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Why Women With PCOS Are More Likely To Develop Type 2 Diabetes?

Why Women With PCOS Are More Likely To Develop Type 2 Diabetes?
Being overweight is associated with an increased risk of developing insulin resistance and type 2 diabetes.

Women with PCOS are also often insulin resistant, a risk factor for pre-diabetes and type 2 diabetes. Here are some tips for women with PCOS to prevent diabetes.

Written by Longjam Dineshwori |Updated : September 17, 2022 11:03 AM IST

Research suggests that women with polycystic ovary syndrome (PCOS) are more likely to develop type 2 diabetes mellitus. Let's try to understand how these two conditions are related.

PCOS is a hormonal disorder that is common among women of reproductive age. It is a condition in which the ovaries produce an abnormal amount of androgens, also called male sex hormones. The hormonal imbalance can interfere with the growth and release of eggs from the ovaries (ovulation) and cause irregular periods, acne, and excess hair growth on the face and body.

Women with PCOS are also often insulin resistant, a risk factor for pre-diabetes and type 2 diabetes. Insulin resistance is when your body can't respond properly to the insulin it makes and can't use glucose from your blood for energy. Over time this results in elevated levels of glucose in the blood and increases risk for type 2 diabetes.

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Insulin resistance may actually be the cause of PCOS

Insulin resistance is believed to play a role in causing PCOS as well as exacerbating its symptoms.

The pancreas, a gland in the abdomen, produces insulin in response to increased blood levels of glucose that comes from the food you eat. Insulin allows the cells throughout the body to absorb glucose which serves as energy to them. When someone has insulin resistance, the cells do not respond to insulin as efficiently as it should be, leading to high glucose levels in the blood. Insulin resistance usually precedes type 2 diabetes.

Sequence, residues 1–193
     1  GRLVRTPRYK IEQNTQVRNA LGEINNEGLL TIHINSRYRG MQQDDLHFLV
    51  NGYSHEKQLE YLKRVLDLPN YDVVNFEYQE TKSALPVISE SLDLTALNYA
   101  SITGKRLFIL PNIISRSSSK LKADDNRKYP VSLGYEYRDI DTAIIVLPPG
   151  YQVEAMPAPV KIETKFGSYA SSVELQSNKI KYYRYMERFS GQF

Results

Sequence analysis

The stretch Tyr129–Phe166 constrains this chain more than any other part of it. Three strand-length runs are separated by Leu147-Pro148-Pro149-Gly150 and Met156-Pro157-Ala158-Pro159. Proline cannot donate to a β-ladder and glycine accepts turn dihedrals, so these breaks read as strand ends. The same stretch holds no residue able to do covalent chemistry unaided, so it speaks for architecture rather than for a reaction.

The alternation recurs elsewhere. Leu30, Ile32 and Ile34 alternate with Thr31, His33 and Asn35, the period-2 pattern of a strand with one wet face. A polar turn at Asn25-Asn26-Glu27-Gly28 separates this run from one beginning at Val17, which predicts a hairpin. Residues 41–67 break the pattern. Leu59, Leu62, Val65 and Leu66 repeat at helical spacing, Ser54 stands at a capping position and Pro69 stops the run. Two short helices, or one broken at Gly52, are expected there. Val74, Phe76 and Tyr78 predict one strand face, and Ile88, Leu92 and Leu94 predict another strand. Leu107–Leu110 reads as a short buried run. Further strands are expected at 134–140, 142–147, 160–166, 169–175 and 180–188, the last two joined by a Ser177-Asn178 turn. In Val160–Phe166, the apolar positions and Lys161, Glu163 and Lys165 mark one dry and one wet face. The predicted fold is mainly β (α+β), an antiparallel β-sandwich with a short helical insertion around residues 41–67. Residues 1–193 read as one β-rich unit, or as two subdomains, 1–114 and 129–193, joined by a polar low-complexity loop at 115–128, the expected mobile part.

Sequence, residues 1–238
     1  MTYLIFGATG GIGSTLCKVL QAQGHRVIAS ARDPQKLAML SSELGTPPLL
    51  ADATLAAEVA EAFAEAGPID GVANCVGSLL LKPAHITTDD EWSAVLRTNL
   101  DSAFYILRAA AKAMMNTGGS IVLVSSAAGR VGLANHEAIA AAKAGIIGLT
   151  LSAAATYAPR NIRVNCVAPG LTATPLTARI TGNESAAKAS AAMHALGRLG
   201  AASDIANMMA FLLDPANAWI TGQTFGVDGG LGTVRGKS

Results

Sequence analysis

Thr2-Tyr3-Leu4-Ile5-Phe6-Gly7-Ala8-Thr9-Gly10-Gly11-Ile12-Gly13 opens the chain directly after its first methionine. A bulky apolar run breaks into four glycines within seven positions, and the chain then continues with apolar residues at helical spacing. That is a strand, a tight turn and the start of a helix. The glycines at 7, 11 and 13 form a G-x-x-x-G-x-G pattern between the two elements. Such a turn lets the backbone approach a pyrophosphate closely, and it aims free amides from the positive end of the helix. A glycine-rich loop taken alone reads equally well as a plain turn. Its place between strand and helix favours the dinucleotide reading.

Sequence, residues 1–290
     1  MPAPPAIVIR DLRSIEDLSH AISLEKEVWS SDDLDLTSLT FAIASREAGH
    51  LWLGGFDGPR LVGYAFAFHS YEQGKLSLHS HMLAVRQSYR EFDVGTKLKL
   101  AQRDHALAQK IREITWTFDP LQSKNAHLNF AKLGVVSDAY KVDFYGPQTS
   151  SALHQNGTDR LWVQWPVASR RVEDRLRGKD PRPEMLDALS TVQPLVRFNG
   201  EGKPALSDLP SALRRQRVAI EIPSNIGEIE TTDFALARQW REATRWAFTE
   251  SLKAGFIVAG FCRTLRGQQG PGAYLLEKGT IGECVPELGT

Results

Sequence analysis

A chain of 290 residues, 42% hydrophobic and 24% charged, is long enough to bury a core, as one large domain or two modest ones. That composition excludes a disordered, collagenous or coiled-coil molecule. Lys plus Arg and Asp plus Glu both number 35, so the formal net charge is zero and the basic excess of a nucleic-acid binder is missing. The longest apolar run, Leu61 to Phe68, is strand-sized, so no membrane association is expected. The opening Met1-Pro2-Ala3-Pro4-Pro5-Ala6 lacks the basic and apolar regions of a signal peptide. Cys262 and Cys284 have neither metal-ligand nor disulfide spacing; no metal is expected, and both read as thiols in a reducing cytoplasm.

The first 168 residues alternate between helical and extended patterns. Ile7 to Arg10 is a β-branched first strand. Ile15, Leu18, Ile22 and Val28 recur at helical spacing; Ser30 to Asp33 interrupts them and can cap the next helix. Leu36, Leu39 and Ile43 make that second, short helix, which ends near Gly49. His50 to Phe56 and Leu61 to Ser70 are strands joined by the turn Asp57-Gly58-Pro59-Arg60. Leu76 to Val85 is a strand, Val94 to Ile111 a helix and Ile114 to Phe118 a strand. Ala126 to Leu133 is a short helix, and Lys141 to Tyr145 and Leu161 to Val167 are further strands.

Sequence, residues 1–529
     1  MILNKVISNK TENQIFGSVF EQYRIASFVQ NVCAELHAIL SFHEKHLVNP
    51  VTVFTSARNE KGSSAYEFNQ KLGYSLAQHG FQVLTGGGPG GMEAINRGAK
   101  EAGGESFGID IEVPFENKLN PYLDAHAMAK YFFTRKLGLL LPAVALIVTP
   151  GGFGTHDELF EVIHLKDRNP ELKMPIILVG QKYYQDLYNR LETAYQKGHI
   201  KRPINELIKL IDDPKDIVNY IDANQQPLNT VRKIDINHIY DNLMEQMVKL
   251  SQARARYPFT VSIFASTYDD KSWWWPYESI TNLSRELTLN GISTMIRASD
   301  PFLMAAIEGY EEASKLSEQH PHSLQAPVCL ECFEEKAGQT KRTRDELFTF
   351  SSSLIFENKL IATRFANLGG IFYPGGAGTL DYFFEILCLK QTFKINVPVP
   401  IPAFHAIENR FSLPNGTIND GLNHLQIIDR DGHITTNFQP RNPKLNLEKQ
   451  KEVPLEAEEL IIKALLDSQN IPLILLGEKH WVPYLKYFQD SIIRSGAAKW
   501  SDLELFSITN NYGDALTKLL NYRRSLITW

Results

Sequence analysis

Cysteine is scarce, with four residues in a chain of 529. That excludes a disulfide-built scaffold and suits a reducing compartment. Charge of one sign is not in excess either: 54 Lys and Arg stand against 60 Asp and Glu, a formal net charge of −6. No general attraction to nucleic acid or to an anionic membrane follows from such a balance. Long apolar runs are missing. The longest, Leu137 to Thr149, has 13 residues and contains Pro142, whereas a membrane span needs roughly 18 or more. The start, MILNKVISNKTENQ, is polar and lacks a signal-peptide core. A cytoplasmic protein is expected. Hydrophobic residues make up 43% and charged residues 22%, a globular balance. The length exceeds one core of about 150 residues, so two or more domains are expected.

Insulin resistance may also contribute to inflammation and other metabolic complications associated with PCOS. However, the relationship between these two conditions are not very clear yet. Moreover, not all women with insulin resistance develop PCOS.

Some experts opine that obesity-associated insulin resistance alters the function of the hypothalamus, a part of the brain that helps control the release of hormones from the pituitary gland. This leads to increased production of androgenic hormones, which contribute to PCOS.

Symptoms of insulin resistance

As insulin is an appetite stimulant, an increase in appetite could be a symptom of insulin resistance. This may explain why women with PCOS experience frequent cravings for sweets. An increase in appetite may lead to weight gain, which in turn increases risk of obesity, cardiovascular disease and diabetes.

Insulin resistance may cause high blood sugar levels for a prolonged time after eating. This can lead to symptoms like decreased energy, increased thirst, and frequent urination. Over time, it can lead to type 2 diabetes and other metabolic conditions.

Therefore, women with PCOS are recommended to regularly check for insulin resistance. Early detection can allow earlier initiation of treatment. Fasting Blood Glucose Test: Glucose Tolerance Test: Glycosylated Hemoglobin A1C are common tests used to screen for insulin resistance.

Tips for women with PCOS to prevent diabetes

If you have PCOS, incorporating some healthy lifestyle habits including daily exercise and a well-balanced diet can help prevent developing diabetes. Cut down on fats and sugars, eat more whole grains, fruits, and vegetables.

Being overweight is associated with an increased risk of developing insulin resistance and type 2 diabetes. Insulin resistance also runs in families. But no matter what caused the insulin resistance, losing weight will help improve symptoms associated with it.